Debate as to whether psychology is a science is not uncommon and it doesn't seem to be a debate that will be settled soon. I am aware that there are those both sides of the debate believe the debate is settled. 

But instead of the question "Is psychology a science", I think a question we should be asking is, "If psychology is a science, what is it the science of?"

Psychology is often defined to be the science of mental processes and behavior. Those are two very different, but arguably closely related things. 

The problem I see is that while behavior is observable in an empirical and objective way (something I see as necessary to consider a field of study a science), mental processes are not in any way observable both objectively and empirically. 

In other words, another person's mental processes is effectively as unavailable to empirical and objective study as God is. I believe you think and feel, and have other mental processes, but I have no way of really showing evidence that you do in a way that doesn't require some assumptions. 

I may believe God exists, and I may even feel that I talk to God, and I may even believe that God exists to you and that you talk to God, but in a scientific way I can't study God. However, I can study what you say about God, and that would be studying your behavior, and not really studying God. 

In a similar way, we don't have access to another's mental processes. They may say that they have mental processes, and I may believe they do through assumption that I don't think anyone would exhibit behaviors without having mental processes. The belief that a person has mental processes requires some assumption, and a belief system that might be called faith.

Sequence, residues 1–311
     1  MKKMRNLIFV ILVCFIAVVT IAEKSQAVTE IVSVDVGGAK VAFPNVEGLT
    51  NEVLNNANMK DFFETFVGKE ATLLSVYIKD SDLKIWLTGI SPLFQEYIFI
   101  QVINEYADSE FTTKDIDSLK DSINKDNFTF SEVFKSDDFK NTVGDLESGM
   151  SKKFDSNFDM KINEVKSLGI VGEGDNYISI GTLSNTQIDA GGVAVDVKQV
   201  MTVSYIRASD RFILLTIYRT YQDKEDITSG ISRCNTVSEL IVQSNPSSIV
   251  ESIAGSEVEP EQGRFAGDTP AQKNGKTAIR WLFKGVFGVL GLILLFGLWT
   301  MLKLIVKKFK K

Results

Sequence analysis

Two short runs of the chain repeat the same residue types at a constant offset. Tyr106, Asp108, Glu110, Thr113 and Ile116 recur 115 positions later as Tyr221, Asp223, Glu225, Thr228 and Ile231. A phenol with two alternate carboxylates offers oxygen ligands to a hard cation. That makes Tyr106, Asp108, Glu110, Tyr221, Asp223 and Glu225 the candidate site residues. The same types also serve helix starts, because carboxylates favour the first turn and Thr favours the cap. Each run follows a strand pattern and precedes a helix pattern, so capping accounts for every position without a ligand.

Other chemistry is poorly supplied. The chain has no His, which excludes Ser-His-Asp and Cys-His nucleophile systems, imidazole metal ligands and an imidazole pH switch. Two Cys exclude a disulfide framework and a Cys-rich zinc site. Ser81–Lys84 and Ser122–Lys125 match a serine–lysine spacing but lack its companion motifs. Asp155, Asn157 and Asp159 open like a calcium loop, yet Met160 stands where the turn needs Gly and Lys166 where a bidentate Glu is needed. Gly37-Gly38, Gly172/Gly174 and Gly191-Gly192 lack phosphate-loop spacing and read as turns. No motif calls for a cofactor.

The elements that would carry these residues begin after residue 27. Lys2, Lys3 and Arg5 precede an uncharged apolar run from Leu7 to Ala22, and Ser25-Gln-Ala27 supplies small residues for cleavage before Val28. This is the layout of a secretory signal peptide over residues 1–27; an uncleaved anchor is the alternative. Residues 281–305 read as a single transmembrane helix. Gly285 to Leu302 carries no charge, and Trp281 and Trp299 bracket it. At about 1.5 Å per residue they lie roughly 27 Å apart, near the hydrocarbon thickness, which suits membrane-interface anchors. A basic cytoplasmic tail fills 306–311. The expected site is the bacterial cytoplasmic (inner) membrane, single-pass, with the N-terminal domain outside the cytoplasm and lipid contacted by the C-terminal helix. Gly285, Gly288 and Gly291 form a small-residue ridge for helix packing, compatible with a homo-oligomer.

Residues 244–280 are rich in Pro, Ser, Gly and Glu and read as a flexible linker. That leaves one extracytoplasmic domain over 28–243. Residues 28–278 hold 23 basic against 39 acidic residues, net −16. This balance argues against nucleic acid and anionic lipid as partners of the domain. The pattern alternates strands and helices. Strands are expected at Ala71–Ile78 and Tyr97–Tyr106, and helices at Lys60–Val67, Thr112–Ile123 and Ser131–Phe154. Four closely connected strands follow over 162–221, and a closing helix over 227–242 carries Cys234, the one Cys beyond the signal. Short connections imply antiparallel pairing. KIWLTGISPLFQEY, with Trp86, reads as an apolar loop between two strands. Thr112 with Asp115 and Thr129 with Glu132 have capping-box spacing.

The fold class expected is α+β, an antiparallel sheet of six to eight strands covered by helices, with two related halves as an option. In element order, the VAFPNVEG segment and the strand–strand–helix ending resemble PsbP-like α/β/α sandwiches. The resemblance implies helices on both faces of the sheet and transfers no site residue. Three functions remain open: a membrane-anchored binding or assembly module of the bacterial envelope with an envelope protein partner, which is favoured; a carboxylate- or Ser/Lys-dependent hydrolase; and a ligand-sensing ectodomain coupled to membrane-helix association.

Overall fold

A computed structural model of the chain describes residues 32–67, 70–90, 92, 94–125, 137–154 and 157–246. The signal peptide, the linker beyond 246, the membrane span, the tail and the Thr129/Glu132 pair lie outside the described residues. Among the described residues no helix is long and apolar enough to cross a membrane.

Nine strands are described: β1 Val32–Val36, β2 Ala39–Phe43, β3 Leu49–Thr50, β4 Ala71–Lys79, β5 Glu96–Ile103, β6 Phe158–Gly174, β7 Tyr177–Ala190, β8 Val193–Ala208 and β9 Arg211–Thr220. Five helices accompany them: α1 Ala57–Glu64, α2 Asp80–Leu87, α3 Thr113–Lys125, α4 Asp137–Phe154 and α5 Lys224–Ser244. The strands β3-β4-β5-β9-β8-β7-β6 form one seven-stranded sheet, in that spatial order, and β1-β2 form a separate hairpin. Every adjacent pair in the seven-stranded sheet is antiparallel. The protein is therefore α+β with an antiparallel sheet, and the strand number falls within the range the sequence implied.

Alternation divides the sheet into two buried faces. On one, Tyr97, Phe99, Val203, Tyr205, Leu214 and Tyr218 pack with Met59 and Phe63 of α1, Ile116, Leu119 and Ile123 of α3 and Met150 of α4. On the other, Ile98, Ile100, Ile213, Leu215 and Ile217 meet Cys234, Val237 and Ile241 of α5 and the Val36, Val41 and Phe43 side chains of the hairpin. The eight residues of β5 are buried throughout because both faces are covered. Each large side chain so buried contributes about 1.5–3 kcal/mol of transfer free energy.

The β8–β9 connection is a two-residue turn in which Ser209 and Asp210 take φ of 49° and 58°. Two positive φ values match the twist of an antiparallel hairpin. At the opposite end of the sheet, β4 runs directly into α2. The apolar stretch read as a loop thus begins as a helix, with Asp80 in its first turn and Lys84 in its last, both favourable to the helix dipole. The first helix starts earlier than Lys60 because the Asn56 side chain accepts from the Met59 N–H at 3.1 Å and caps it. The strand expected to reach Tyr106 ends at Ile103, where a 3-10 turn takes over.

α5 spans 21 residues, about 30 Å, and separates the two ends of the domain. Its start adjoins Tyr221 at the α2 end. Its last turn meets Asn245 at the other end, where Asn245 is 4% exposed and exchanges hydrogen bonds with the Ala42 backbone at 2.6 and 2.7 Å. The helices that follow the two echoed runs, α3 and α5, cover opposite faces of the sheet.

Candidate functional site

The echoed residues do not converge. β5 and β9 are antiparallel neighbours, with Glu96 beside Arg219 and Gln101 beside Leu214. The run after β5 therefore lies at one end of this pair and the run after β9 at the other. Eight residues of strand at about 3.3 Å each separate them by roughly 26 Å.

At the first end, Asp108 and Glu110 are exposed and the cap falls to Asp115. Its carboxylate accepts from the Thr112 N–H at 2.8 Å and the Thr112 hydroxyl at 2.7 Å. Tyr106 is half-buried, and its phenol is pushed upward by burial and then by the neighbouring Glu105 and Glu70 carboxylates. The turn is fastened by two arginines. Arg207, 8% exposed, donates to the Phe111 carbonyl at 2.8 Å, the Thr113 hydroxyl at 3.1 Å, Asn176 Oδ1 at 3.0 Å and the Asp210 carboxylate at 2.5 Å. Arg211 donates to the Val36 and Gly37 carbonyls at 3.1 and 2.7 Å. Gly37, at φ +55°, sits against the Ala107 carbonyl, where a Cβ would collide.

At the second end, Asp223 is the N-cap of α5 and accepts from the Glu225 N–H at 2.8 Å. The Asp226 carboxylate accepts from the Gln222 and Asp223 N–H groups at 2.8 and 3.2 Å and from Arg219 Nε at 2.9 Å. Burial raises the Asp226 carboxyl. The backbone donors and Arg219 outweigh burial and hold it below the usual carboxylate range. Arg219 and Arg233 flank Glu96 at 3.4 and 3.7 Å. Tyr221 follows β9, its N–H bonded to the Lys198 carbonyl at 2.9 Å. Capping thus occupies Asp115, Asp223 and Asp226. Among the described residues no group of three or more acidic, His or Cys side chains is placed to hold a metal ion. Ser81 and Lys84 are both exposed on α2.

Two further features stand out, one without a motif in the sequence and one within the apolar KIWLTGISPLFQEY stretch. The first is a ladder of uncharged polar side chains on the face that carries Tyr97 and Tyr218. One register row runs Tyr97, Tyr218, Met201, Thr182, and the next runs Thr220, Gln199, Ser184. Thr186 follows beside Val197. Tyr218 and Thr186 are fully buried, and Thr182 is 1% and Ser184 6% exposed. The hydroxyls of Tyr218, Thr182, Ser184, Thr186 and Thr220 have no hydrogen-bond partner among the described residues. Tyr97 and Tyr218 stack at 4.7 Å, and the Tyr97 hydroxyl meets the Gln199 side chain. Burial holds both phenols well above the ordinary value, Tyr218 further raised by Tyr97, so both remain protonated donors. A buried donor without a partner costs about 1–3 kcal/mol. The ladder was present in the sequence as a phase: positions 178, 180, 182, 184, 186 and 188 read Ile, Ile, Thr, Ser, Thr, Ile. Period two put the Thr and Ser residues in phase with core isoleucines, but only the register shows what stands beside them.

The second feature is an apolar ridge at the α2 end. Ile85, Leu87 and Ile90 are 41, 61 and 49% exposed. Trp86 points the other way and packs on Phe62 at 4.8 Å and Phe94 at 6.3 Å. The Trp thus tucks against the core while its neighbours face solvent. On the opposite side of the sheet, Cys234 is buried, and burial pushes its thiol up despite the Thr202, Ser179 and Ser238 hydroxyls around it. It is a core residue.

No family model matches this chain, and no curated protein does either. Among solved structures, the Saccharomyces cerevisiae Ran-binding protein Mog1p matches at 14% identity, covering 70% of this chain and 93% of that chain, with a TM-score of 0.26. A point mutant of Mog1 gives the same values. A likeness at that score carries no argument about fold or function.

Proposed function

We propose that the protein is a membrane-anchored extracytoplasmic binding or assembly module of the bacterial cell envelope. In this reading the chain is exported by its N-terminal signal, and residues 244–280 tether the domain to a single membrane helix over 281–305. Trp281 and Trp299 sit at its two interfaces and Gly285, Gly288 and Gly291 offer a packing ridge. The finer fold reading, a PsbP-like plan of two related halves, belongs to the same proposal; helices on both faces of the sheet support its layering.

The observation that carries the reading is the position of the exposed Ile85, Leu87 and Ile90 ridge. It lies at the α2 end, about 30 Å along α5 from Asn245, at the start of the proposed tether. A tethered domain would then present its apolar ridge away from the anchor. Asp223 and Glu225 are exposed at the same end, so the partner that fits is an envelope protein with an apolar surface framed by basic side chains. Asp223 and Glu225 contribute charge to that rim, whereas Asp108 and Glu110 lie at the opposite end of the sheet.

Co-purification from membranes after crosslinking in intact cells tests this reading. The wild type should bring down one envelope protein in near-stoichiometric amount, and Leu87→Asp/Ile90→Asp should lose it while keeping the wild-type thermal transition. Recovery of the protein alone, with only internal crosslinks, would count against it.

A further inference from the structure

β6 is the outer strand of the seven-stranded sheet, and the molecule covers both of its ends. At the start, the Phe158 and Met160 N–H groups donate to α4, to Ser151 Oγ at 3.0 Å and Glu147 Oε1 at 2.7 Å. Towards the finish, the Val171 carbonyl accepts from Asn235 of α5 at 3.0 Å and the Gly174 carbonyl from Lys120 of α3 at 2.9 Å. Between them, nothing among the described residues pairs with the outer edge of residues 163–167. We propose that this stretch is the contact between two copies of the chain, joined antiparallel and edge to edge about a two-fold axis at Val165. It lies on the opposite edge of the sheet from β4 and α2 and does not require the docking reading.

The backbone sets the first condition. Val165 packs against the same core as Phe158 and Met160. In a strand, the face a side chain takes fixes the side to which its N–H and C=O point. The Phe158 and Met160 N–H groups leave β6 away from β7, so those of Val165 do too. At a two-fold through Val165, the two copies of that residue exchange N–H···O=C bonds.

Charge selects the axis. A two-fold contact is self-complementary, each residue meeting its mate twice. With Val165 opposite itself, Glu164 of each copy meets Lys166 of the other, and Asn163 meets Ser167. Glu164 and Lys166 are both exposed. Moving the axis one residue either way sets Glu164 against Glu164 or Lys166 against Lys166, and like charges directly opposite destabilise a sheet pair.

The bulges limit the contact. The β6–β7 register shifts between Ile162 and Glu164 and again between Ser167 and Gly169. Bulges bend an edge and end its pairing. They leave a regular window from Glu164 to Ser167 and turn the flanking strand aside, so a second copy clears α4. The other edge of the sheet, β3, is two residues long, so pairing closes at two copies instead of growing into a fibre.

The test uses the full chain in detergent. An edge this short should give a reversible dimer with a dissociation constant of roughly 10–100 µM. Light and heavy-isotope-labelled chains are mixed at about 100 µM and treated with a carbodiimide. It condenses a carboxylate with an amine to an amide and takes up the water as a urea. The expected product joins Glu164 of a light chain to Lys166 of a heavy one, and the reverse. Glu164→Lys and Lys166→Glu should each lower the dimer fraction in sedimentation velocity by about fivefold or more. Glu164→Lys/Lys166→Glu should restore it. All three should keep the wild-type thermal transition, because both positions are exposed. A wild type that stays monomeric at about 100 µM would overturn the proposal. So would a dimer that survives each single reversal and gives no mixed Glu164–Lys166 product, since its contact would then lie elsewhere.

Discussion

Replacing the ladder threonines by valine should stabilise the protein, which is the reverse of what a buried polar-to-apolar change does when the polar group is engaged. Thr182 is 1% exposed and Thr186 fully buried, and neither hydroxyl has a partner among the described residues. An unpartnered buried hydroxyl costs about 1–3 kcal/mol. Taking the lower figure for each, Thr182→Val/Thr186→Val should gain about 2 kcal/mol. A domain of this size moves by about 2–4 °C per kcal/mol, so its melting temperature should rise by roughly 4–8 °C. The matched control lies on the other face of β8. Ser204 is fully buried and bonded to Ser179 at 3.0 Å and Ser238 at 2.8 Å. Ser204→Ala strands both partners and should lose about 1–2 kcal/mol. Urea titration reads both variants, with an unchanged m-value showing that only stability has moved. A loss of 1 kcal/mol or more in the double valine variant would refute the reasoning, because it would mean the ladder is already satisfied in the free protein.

I'm not doubting that you have mental processes, but I am aware that I can't observe them in any way. And psychology might call itself the study of behaviors and mental processes, but it can only have empirical access to the behaviors of individuals, and I believe that because of that the real scope of psychology is limited to behaviors.

I can easily accept that psychology is a science of behaviors, but I cannot accept that psychology is a science of "mental processes" as long as there is not a way known to observe mental processes and any idea of mental processes in an individual or a group must be inferred.

So if you ask me whether psychology is a science, I might first ask - a science of what?

If you say it's a science of behavior, I would say that's likely as there are many ways to measure behavior. That is what all psychometric exams do. 

But it takes a leap of faith to believe that psycometric exams measure beyond behavior and also measure "mental processes". They don't. Any belief that psychometric tests actually measure something like "mental processes" is unproven. We haven't established by theory, any kind of link between the behavior of psychometric tests and corresponding mental processes. To say psychometric tests measure mental processes is unfounded. It's assumed to measure mental processes, it's relied upon, but it is not substantiated by any theory suggesting it is true. It's assumption and faith.